Skip to content
Photo by RODNAE Productions:

Some 5.5% of housing stock in England and Wales is “truly vacant”, according to data from the Office for National Statistics.

This amounts to 1.5 million, which is eight times the number of the 172,800 properties classed as second homes.

The census data suggests housing developers and wealthy owners are holding onto property they don’t occupy – calling into question the tax system

Andrew Wishart, senior property economist at Capital Economics, said having a relatively light levy on housing compared to upfront costs is partly to blame.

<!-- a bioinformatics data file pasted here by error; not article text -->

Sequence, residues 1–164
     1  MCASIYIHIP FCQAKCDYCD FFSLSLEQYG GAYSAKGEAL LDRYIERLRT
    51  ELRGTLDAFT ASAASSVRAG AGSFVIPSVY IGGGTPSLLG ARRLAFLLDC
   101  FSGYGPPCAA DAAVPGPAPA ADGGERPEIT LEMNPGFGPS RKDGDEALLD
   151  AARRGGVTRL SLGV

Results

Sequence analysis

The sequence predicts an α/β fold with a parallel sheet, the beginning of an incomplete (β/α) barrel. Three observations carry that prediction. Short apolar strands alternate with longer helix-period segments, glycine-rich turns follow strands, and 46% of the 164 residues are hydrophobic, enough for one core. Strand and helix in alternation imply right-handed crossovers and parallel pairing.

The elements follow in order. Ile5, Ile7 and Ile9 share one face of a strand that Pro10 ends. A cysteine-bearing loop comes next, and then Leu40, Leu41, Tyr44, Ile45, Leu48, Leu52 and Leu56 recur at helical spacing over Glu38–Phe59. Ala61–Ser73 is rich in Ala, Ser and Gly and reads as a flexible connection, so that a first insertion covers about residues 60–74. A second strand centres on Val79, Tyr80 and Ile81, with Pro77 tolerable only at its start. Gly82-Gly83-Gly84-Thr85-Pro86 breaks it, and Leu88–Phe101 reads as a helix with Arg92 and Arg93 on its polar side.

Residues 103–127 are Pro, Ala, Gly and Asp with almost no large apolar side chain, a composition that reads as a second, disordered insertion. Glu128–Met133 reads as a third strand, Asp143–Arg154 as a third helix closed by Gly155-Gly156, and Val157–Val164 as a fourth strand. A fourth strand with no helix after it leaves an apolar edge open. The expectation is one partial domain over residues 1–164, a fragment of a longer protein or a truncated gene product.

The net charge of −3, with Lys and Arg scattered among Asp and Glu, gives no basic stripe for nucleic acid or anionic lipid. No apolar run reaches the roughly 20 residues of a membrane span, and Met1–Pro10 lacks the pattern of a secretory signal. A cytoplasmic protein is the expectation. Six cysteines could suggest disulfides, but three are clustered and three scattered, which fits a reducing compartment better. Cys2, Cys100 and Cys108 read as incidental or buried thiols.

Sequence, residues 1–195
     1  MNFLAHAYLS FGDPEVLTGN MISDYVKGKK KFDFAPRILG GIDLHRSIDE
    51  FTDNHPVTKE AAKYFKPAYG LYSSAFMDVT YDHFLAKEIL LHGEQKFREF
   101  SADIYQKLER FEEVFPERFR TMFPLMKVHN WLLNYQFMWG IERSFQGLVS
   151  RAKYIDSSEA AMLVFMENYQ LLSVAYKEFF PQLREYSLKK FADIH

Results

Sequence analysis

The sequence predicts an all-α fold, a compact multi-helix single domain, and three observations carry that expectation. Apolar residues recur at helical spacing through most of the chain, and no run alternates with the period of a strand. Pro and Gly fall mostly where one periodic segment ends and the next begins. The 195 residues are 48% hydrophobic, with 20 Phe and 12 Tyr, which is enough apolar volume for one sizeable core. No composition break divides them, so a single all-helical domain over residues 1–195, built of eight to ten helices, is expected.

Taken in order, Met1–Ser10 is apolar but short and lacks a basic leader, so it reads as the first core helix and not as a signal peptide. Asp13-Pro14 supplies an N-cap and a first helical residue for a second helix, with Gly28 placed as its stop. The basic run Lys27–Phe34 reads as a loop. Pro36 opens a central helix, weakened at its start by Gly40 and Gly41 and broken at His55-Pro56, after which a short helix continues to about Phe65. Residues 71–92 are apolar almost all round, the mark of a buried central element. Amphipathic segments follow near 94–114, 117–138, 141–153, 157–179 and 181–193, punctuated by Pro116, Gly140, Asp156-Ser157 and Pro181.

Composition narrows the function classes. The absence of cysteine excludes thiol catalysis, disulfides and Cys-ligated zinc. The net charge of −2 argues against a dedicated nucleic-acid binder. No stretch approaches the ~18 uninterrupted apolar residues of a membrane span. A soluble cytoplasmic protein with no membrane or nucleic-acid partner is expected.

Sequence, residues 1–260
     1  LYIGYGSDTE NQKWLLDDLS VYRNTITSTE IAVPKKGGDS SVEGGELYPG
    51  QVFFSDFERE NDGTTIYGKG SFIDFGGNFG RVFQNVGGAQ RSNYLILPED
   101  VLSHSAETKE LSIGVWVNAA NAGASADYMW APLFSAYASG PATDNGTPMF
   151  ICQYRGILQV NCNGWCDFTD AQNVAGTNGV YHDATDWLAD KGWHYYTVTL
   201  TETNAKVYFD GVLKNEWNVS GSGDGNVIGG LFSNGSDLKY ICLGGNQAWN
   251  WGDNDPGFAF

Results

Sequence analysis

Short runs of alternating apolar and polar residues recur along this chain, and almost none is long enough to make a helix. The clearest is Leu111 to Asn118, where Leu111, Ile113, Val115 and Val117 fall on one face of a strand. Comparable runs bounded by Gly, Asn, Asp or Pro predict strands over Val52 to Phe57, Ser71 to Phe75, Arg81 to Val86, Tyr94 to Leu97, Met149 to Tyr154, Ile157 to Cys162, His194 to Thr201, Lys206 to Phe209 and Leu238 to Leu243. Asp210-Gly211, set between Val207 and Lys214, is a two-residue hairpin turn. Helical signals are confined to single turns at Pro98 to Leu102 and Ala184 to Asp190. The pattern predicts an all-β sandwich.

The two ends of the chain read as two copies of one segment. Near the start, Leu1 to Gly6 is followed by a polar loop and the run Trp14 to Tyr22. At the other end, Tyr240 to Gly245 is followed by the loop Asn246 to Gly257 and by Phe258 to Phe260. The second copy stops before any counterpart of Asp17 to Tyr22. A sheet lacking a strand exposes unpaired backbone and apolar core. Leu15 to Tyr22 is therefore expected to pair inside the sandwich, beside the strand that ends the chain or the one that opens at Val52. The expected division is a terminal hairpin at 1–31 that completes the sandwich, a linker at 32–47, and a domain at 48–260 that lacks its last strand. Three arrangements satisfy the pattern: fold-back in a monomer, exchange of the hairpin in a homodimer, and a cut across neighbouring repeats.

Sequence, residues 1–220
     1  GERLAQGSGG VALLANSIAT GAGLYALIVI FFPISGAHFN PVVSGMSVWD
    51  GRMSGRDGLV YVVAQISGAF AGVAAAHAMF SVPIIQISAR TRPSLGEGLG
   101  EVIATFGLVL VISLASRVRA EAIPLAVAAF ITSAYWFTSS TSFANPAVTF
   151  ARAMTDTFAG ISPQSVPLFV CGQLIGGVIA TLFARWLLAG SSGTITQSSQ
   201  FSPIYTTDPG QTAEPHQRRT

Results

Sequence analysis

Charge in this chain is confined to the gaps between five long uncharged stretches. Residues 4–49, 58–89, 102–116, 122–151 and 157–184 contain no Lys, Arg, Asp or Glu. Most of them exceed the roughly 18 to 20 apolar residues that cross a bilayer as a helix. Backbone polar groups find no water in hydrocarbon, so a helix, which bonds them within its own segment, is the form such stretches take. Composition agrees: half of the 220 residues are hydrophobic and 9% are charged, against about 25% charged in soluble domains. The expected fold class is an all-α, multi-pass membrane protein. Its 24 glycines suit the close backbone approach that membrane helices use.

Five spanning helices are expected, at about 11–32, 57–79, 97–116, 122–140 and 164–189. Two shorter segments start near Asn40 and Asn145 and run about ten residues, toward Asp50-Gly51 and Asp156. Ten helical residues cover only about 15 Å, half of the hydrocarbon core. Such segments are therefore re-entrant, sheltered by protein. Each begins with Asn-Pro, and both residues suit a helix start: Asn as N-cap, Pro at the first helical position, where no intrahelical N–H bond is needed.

He said: “Rather than having any sort of ongoing tax on the value of homes that might nudge people away from this, we’ve got stamp duty which discourages transactions.

“If you could do something on tax that makes this kind of (hoarding) behaviour more costly, then potentially that’s an easier thing to do than raising house-building.”

London had the highest proportion of unoccupied homes, at 8%, of which 91.6% were vacant and 8.4% were second homes.

The ONS data is based on information from the 2021 Census, which may be skewed due to behaviours during the covid-19 pandemic, when some people left cities like London to stay with relatives over the period.

However the ONS said it asked people where they “usually” lived when taking the data to reduce inaccuracies.